Know what you're getting into... seriously. If it sounds too good, it probably is.
Two stories about overseas property investments caught my eye today. Figured I was getting a hint from somewhere.
Investing in US Rentals
https://factwire.org/investigation/p...in-us/?lang=enOne of the alleged victims Ms Hung bought a ‘newly-renovated’ three-bedroom house at Las Palmas for US$69,400 in 2014 after seeing the advert. ‘The salesperson told me that the properties were initially acquired by an investment fund at foreclosure sale and were typically rented to middle-class office workers,’ she said.
Hung, who flew to Houston to view the houses with some other owners after being hit with a huge maintenance bill once the guaranteed period ended in 2016, said the actual condition was a far cry from what was advertised.
‘The whole place is very unsafe, and some vacant houses were occupied by squatters,’ she said, adding that her property was under renovation at the time, but some neighbouring units were dilapidated, with windows boarded up and rubbish piling up outside.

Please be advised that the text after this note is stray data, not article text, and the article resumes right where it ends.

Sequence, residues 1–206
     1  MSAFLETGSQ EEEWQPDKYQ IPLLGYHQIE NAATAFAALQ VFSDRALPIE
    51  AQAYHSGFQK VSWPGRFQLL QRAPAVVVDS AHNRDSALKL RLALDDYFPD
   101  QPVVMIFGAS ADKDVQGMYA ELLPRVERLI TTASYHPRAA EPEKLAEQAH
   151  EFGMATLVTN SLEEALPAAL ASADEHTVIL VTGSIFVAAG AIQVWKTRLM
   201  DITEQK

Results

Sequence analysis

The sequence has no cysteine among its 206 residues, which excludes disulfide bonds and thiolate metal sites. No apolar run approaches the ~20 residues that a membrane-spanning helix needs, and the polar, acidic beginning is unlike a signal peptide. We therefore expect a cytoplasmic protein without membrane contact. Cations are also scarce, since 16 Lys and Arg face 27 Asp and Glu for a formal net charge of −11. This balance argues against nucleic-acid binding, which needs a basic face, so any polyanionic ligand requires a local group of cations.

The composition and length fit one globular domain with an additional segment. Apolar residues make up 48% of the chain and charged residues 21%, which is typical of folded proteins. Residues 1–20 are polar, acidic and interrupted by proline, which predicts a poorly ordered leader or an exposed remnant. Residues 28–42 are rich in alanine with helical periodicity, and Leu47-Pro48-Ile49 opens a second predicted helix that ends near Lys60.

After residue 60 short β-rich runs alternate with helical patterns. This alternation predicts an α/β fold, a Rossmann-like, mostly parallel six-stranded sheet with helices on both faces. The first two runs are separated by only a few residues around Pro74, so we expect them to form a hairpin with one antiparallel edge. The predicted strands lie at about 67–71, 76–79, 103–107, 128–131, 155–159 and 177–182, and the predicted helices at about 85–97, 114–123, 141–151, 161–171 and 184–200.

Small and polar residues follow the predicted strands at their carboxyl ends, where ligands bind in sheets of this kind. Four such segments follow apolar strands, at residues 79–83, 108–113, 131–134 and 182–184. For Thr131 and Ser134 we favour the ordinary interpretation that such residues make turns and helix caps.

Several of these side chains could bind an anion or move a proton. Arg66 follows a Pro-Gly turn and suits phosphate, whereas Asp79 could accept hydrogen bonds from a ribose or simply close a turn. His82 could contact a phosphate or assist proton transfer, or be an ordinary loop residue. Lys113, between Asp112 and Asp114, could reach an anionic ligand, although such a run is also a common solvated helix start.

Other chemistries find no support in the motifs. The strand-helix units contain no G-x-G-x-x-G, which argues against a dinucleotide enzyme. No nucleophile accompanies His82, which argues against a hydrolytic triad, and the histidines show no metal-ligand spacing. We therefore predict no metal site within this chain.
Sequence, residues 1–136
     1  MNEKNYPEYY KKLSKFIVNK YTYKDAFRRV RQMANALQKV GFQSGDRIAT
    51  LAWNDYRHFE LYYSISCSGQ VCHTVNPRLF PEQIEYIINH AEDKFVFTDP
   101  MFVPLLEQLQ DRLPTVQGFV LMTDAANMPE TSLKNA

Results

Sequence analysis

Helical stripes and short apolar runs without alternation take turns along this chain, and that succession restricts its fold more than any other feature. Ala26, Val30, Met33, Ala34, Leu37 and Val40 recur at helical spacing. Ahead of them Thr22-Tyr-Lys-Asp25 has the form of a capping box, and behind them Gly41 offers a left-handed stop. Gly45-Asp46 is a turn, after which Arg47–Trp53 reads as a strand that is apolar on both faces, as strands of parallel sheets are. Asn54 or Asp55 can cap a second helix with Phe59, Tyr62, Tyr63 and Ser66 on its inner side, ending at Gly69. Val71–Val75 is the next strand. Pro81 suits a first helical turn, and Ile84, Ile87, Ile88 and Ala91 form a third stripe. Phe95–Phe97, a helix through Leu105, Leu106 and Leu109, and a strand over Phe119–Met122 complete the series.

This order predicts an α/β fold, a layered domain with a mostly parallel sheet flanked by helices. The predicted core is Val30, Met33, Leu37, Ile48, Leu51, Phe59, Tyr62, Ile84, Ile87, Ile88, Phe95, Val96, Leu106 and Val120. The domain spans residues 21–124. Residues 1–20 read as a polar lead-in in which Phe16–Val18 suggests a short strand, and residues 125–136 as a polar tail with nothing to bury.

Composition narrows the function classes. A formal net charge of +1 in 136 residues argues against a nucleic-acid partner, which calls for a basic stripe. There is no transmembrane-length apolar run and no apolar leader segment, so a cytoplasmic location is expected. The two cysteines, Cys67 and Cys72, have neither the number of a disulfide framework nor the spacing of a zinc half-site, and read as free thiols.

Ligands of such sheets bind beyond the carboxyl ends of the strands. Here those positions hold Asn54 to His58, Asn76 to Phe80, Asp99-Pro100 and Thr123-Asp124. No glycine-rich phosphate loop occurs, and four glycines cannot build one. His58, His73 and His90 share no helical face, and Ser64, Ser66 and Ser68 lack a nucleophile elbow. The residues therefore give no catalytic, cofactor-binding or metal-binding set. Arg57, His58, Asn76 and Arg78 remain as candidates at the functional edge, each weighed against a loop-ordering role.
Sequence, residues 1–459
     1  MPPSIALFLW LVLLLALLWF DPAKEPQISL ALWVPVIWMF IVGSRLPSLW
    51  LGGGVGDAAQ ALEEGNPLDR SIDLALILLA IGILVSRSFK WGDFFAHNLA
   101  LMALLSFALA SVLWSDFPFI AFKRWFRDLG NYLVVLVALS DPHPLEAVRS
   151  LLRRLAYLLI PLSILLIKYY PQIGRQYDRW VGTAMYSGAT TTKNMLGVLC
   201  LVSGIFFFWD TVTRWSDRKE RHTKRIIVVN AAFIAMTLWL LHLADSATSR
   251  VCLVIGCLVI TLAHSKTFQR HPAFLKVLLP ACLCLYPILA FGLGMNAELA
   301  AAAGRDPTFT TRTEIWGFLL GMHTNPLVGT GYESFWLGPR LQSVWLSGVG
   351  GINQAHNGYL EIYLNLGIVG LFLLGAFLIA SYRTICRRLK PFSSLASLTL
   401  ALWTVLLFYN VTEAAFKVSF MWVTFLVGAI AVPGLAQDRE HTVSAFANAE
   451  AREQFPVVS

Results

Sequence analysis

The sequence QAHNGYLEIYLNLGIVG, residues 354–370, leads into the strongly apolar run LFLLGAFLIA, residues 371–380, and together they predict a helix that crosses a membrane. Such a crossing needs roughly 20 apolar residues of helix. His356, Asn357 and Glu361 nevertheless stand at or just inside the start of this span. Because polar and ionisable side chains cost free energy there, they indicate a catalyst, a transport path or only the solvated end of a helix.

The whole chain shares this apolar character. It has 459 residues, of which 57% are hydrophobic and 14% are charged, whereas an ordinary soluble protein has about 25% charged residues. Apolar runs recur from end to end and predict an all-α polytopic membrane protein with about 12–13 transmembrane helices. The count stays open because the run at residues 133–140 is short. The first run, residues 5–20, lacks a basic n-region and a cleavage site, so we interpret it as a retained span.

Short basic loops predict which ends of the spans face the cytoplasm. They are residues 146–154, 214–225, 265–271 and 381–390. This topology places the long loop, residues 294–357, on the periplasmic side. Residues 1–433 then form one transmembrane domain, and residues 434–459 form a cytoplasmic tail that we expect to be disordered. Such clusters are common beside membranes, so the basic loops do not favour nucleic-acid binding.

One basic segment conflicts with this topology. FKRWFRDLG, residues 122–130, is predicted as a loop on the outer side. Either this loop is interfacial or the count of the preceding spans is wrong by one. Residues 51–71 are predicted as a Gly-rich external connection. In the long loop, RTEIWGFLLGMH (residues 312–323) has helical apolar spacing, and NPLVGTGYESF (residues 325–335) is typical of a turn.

She is now in the process of selling the house for US$54,000, after having spent more than US$17,000 on repair and refurbishment, resulting in a net loss of about US$27,000.
UK Student Housing
https://www.scmp.com/property/intern...oper-make-goodBrian Hodgson, a 55-year-old auctioneer in Hong Kong, was one of the investors affected. He bought one unit in College Street Village and another at Scholar’s Court after being attracted by the high “guaranteed” returns stated in emails sent to him.
He paid a total of £100,000 over two years to 2017, or £50,000 each on average, aiming at securing retirement income. He said he was guaranteed £1,010, or a 10 per cent yield, in pro-rated quarterly payments for each property.
Hodgson said he received a full payment in July 2018, and thereafter received a payment of £72.49 in January.
“Nothing in the contracts says they had the right to cancel payments,” Hodgson said.